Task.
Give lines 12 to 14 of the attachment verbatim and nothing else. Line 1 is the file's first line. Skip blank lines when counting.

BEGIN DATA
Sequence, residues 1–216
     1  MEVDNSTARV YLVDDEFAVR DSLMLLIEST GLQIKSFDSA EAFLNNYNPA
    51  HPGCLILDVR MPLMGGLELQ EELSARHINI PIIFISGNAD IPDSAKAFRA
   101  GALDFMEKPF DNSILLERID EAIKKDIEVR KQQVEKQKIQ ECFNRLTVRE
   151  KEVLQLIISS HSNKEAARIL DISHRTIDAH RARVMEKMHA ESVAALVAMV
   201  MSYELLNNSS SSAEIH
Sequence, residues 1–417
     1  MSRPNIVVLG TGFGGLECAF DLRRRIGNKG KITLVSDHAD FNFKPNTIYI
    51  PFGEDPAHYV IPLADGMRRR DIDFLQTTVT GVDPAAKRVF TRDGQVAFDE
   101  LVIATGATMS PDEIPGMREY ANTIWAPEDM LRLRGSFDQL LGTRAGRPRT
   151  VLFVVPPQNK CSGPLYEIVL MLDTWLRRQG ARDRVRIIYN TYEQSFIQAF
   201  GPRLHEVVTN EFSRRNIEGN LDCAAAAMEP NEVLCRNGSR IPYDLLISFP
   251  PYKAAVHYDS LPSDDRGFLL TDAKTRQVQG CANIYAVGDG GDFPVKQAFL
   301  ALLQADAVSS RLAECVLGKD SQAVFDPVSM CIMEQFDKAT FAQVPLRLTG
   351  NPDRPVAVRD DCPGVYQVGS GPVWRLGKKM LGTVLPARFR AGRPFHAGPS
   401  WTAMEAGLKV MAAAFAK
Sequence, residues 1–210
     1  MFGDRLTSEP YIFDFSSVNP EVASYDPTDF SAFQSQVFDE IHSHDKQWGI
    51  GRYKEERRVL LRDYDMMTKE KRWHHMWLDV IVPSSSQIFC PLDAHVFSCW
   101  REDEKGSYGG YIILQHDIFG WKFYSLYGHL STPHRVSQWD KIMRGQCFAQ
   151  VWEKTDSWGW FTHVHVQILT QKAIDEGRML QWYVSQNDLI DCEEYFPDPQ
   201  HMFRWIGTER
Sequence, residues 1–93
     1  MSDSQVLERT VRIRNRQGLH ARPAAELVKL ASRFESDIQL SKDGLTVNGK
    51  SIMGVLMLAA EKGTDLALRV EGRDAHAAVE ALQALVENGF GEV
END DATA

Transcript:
   201  GPRLHEVVTN EFSRRNIEGN LDCAAAAMEP NEVLCRNGSR IPYDLLISFP
   251  PYKAAVHYDS LPSDDRGFLL TDAKTRQVQG CANIYAVGDG GDFPVKQAFL
   301  ALLQADAVSS RLAECVLGKD SQAVFDPVSM CIMEQFDKAT FAQVPLRLTG